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Bornean Orangutan at Smithsonian's National Zoo Is Pregnant

  • orangutan sitting

For the first time in 25 years, staff at the Smithsonian's National Zoo are making preparations for the highly anticipated birth of an endangered Bornean orangutan. With a breeding recommendation from the Association of Zoos and Aquariums' Species Survival Plan (SSP), the 19-year-old parents to be, female Batang and male Kyle, bred in January. On Feb. 2, a common human pregnancy test confirmed that Batang had successfully conceived. Earlier today, the Zoo announced Batang's pregnancy through a broadcast via Facebook Live of her ultrasound; it will continue to provide weekly updates on Batang through Facebook, Twitter and Instagram using the hashtag #OrangutanStory.

Zoo veterinarians have conducted bi-weekly ultrasounds since Feb. 2 and are encouraged that the ultrasounds have shown fetal growth and development, heightening hopes that Batang will give birth for the first time. They are cautiously optimistic that she will deliver a healthy baby around mid-September. However, just like any animal pregnancy, there is a possibility that miscarriage, stillbirth or a complication could occur.

All of our perseverance and planning paid off when we confirmed Batang's pregnancy, said Meredith Bastian, curator of primates and member of the Orangutan SSP Steering Committee. Watching her fetus develop over the past few months has been incredibly exciting, and we're making every effort to ensure our efforts come to fruition.

For the past three years, keepers have been acclimating Batang to the experiences of motherhood and training her to care for an infant. Building upon behaviors Batang has learned through routine training sessions, keepers presented her with a plush, bean-shaped pillow and an orangutan stuffed animal to simulate a baby. Keepers trained her to hold the fake baby upright, carry it around the enclosure and return the pillow baby to keepers through a specially designed baby box when asked. Should animal care staff need to evaluate a real orangutan baby's health, this training would help staff retrieve the infant in a way that is safe and not stressful for the animals. Batang has also been trained to use a breast pump for milk collection in the event she is unable to successfully nurse.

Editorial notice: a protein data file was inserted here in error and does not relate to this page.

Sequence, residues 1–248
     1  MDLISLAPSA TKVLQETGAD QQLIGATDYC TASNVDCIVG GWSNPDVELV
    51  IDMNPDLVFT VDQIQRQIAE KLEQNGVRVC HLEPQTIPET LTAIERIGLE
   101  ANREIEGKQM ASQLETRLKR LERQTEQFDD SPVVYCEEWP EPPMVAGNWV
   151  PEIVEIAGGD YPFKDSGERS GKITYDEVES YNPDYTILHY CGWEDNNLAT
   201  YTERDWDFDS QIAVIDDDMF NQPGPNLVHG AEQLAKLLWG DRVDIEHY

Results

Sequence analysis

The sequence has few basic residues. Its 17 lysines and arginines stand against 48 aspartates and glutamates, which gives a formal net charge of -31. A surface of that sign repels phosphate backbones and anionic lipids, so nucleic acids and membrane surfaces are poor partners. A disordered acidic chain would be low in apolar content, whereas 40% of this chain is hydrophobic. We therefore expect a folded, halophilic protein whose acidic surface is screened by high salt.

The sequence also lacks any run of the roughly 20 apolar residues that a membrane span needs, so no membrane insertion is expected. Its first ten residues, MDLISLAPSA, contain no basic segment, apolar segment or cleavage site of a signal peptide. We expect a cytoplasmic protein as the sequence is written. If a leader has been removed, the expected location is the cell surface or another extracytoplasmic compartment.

Training increases the likelihood that orangutan mothers will care for their infants said Becky Malinsky, assistant curator of primates.This training is especially important for a first time mother, like Batang. It is our goal for the infant to be raised by her mother, learning how to be an orangutan from Batang and the other orangutans at the zoo.

In the event that Batang is unable or unwilling to care for her infant, keepers are training females Bonnie and Iris to act as surrogate mothers. They receive similar training to Batang, but with a slight twist: keepers ask them to bring the pillow baby and present it to the keepers for bottle feedings. Batang is also trained to present the infant for bottle feedings if she is unable to nurse. As a last resort, keepers will prepare a nursery in the event it is necessary for them to hand-raise the baby with the goal of returning the infant to its mother or surrogate as soon as possible.

Native to Indonesia, orangutans live in the tropical rainforests of Borneo and Sumatra. For the past seven decades, humans have cleared land that was originally orangutan territory in order to meet the growing demand for palm oil products, fast-growing pulp wood and food crops leaving orangutans in competition with one another for space, food and mates. Scientists estimate that in the past 75 years, the number of wild orangutans has decreased by 80 percent. The International Union for Conservation of Nature lists the Bornean orangutan as endangered and the Sumatran orangutan as critically endangered.

Visitors can see the Zoo's six orangutans daily at the Great Ape House and the Think Tank. At the Great Ape House, visitors can meet a great ape keeper to learn about the fascinating world of apes at 11:30 a.m. daily. At Think Tank, staff and interpretive volunteers perform daily demonstrations and lead discussions on research in cognitive science, highlighting current and ongoing National Zoo studies at 1:30 p.m. Visitors can also see the orangutans traveling on the O-Line on warm-weather days in the late morning and early afternoon.

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